The fate of the Affordable Care Act now rests with the nine justices on the Supreme Court, but win or lose, the health care law has already changed the health care market and set the industry on a path of delivering and paying for health care more efficiently. Just as “49 states and the District of Columbia have already taken action supporting the law’s implementation” and are unlikely to backtrack on those efforts, health care payers and providers are moving forward with reforms that suggest that the law is definitely here to stay:
PHYSICIANS REDUCING WASTEFUL CARE: “Nine medical societies representing nearly 375,000 physicians are challenging the widely held perception that more health care is better, releasing lists Wednesday of tests and treatments their members should no longer automatically order. The 45 items listed include most repeat colonoscopies within 10 years of a first such test, early imaging for most back pain, brain scans for patients who fainted but didn’t have seizures, and antibiotics for mild- to-moderate sinus distress.”
PROVIDERS ADOPTING DELIVERY MODELS: As Sarah Kliff has reported, the Affordable Care Act has “already significantly catalyzed the health-care system.” With the law’s changes in how Medicare reimburses for care, providers now “have a sense of direction of where the country’s biggest payer is headed” and are now moving in that direction. Chas Roades, chief research officer at consulting firm the Advisory Board Co, recalls that when the Board “surveyed 69 hospital executives in November, just 16 percent said they had bundled payments in place. But of those who didn’t, 75 percent expected to within two years. Two-thirds expected they would have such payment arrangements with Medicare.” Similarly, “the health-care system has become increasingly integrated, with hospitals and insurance plans buying up doctors’ offices.” Consulting firm Irving Levin Associates saw health-care “merger activity shoot up 11 percent, from $205 billion in 2010 to $227 billion. Their analyst, Stanford Steever, attributed that largely to the Affordable Care Act.”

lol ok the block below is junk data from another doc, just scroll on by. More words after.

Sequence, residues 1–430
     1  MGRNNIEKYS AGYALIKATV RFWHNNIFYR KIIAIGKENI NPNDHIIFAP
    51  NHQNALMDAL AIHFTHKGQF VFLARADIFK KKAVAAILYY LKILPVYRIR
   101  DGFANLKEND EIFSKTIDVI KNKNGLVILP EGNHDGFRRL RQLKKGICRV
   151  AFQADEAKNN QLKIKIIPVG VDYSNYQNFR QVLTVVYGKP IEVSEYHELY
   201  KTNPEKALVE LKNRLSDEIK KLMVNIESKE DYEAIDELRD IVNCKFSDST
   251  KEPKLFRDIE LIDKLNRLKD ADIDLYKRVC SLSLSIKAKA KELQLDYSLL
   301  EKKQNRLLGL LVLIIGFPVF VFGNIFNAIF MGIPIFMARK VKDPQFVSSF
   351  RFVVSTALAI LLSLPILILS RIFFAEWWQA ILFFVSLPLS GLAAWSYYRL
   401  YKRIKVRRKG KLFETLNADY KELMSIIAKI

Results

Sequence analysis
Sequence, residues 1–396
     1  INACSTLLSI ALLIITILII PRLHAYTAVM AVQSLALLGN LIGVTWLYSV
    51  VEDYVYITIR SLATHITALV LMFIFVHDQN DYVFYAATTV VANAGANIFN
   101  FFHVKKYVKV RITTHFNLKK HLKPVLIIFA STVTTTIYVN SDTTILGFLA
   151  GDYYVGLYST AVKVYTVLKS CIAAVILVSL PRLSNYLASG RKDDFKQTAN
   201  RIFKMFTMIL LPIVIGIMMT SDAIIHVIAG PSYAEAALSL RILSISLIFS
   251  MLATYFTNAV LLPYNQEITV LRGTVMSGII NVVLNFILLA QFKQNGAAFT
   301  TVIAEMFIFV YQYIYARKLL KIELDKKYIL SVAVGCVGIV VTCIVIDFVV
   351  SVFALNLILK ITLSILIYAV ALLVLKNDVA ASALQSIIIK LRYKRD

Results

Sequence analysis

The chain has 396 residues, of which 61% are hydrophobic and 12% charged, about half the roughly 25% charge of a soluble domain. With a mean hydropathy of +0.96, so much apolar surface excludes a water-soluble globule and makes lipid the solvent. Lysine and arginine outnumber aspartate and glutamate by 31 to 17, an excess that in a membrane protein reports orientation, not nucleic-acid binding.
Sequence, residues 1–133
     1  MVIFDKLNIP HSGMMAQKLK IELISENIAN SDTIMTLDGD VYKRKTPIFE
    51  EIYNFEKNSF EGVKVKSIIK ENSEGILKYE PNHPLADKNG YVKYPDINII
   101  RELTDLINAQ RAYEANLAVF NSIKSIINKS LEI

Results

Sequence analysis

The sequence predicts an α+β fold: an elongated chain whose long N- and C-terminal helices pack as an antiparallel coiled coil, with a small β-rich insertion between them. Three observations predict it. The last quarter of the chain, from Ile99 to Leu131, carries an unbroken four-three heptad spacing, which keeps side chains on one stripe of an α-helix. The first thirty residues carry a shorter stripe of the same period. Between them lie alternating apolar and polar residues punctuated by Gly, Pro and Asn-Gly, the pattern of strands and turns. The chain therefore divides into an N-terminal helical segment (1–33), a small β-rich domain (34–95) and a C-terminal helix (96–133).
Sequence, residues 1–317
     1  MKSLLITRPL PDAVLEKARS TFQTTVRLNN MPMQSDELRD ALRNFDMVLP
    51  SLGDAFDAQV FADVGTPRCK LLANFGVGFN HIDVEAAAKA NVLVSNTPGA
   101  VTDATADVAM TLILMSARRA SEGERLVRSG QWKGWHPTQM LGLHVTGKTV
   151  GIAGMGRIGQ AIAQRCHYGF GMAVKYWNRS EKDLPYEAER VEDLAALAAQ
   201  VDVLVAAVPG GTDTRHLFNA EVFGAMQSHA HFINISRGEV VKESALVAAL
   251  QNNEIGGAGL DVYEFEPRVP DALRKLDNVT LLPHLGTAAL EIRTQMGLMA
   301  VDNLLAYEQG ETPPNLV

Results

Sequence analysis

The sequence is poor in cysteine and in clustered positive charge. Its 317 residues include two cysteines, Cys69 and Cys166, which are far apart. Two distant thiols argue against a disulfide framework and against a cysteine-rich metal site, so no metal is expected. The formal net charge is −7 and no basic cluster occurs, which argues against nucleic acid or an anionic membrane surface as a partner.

INSURERS WORKING WITH PROVIDERS ON DELIVER REFORM: Karen Ignagni, CEO of America’s Health Insurance Plans, the industry lobby, says insurers are “working with hospitals and doctors to change the way care is paid for and to keep costs down, just as Cigna’s [CEO David] Cordani wants.” She cites two studies that say Medicare plans run by private insurers are succeeding at keeping seniors from being readmitted to the hospital after procedures. “We’re leading the way, according to government data on readmissions,” she says. “That’s a win-win on both sides. There’s real data now to support the contention that these strategies and these tools work very, very effectively.”
In other words, the the law has already created an unstoppable momentum towards change. As the Huffington Post’s Jeffrey Young has pointed out, “health insurance companies, hospitals and the rest of the health care system already have made deep changes to the way they operate: adding new consumer protections to health plans, altering the way medical providers get paid and beginning to work closer together to improve health and save money” — and it’s very unlikely that they will take away these new benefits or obtain efforts to modernize their operations (in an effort to reduce spending). Regardless of the Supreme Court’s anticipated ruling on the law in late June, the changes the ACA inspired are here to stay — in one form or another.